The Metal Observer - Everything in Metal!

Band-Archives: Metalheads online.  
# | A | B | C | D | E | F | G | H | I | J | K | L | M | N | O | P | Q | R | S | T | U | V | W | X | Y | Z By country | By style | By reviewer






Band history still to come.

More Reviews
Current Updates
Print article
Rating explanation

7 tablatures for Deathspell Omega


Deathspell Omega - Si Monumentum Requires, Circumspice (9,5/10) - France - 2004

Genre: Black Metal
Label: Norma Evangelium Diaboli
Playing time: 77:52
Band homepage: -

Tracklist:

  1. First Prayer
  2. Sola Fide I
  3. Sola Fide II
  4. Second Prayer
  5. Blessed Are The Dead Whiche Dye In The Lorde
  6. Hétoïmasia
  7. Third Prayer
  8. Si Monvmentvm Reqvires, Circvmspice
  9. Odivm Nostrvm
  10. Jvbilate Deo (O Be Joyfvl in the Lord)
  11. Carnal Malefactor
  12. Drink the Devil's Blood
  13. Malign Paradigm
Deathspell Omega - Si Monumentum Requires, Circumspice

DEATHSPELL OMEGA, one of the best (if not the best) Black Metal bands to come out of France had humble beginnings; starting off as a cold, harsh, (and a bit) standard Black Metal band with “Infernal Battles”, DEATHSPELL OMEGA (now to be referred to as DSO when needed be) moved onto a more progressive sound, incorporating more outside influences and varying song structures with “Inquisitors Of Satan”. The said album solidified DSO as a powerful Black Metal machine and had fans awaiting what could possibly come after and even though fans knew how great DSO was, no one could expect what was to come next.

 

“Si Monumentum Requires, Circumspice” was not only an improvement on “Inquisitors Of Satan” but was so good, it made all other works of the band irrelevant, this was Black Metal on a whole new level. Dropping the basement recording for a whole, rich, cold sound, DSO incorporated the acidic feeling so many bands were trying to convey, yet progressed as the instruments are all extremely recognizable. The album itself has the feeling of religiousness throughout it and not just in the lyrics (more on that later) but in the production DSO opted for, sounding like a mass or ceremony. The production proves (along with bands like FUNERAL MIST, CRAFT or MARDUK) that grim atmospheres could be kept while recording in a professional studio.

 

Anyway, the album itself is a seventy-seven minute journey into the Black twisted theology of DSO. The lyrics are interesting and original, dropping all themes of Satan as just an excuse to sing about genocide and misanthropy, DSO opted for zealot-like religiousness. Focusing on Satan as God and treating him as is he were, truly creepy concepts ring throughout this whole album, and the real seller of the lyrics is the use of religious statements many churches make, to a truly creepy effect. Most of the time, one cannot tell if DSO are singing about God or the Devil, much like FUNERAL MIST, that makes this reviewer pleased, because he is sick of hearing about how much hatred Black Metal bands have for everything.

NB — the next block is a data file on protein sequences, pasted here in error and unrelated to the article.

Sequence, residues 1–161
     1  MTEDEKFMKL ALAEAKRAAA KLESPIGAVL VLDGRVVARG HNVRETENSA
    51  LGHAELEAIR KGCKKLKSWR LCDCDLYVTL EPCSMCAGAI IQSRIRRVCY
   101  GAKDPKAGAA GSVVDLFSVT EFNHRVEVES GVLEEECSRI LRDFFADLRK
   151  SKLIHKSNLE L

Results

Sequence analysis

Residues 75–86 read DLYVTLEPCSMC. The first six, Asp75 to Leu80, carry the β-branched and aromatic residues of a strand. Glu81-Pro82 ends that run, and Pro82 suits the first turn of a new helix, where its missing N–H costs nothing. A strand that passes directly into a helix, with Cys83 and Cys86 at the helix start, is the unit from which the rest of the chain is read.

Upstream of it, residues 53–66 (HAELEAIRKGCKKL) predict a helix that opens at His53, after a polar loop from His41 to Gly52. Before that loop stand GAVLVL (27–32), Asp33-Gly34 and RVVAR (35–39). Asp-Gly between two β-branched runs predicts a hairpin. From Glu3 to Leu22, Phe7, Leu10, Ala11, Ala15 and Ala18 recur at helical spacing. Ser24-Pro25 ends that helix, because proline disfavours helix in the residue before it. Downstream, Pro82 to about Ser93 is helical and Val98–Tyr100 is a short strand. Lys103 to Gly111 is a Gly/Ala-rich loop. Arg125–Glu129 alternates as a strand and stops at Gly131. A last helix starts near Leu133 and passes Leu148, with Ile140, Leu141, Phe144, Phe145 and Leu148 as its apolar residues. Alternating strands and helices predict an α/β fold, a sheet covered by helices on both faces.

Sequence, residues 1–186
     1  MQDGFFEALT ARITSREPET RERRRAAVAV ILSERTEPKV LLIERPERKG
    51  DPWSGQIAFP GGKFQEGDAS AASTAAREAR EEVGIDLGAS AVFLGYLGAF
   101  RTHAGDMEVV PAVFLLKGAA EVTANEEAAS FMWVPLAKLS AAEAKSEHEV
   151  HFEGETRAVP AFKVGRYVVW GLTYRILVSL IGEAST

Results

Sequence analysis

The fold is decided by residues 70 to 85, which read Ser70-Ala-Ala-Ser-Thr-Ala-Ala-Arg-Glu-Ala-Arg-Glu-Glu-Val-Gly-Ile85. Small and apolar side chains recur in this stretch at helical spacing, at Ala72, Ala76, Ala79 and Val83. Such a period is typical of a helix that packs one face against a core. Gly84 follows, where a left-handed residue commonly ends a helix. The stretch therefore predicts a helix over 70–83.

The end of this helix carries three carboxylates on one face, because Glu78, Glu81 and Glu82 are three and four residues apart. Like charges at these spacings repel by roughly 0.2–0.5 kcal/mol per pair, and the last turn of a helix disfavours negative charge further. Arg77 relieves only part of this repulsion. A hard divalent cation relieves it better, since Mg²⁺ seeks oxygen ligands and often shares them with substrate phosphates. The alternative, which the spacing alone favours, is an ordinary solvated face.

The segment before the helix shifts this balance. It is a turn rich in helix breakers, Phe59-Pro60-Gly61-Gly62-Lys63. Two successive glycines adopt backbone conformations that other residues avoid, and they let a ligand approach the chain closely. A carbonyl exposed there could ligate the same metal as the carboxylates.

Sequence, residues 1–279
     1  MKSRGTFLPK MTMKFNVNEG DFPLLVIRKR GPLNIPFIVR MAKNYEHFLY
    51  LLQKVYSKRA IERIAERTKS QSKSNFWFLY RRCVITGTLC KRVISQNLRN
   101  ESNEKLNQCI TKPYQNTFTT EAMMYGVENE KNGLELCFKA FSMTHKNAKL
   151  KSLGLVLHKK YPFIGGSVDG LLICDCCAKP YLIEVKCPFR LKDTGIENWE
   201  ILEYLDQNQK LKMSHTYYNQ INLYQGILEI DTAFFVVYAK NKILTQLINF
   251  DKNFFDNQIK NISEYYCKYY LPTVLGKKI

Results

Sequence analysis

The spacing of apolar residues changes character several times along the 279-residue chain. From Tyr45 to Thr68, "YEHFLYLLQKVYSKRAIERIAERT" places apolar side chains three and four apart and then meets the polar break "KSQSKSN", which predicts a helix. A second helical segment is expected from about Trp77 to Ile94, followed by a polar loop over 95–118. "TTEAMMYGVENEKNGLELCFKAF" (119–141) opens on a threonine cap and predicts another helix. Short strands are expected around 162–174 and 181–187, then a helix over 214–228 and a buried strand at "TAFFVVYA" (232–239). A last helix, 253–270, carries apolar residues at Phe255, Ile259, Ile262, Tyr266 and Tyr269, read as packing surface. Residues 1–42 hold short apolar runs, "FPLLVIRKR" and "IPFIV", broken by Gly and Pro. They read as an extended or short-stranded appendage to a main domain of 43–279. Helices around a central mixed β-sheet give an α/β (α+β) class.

The album begins with “First Prayer” an ethereal beginning, slowing building up to the point where it seems like it will explode, but instead lulls to the buzzing and features the chanting of monks and the clergy, but something is amiss, one can tell it is backwards, and can see what is being presented, a twisted theological view, this idea continues throughout the album within the music itself.  “Sola Fide I & II” begins (now I know I marked it off as two songs, that’s because they are two separate tracks, but on the album they are connected) with the statement “O Satan I acknowledge you as the Great Destroyer of the universe”, now that’s a grim way to start an album. This song features some intense riffing, alternating between overly melodic and brutal, and a masterpiece already. “Sola Fide II” has a chanting that comes towards the end that could bring the most hardened of you to smile, the riff is the full frontal Rock Out and the chanting compliments it perfectly.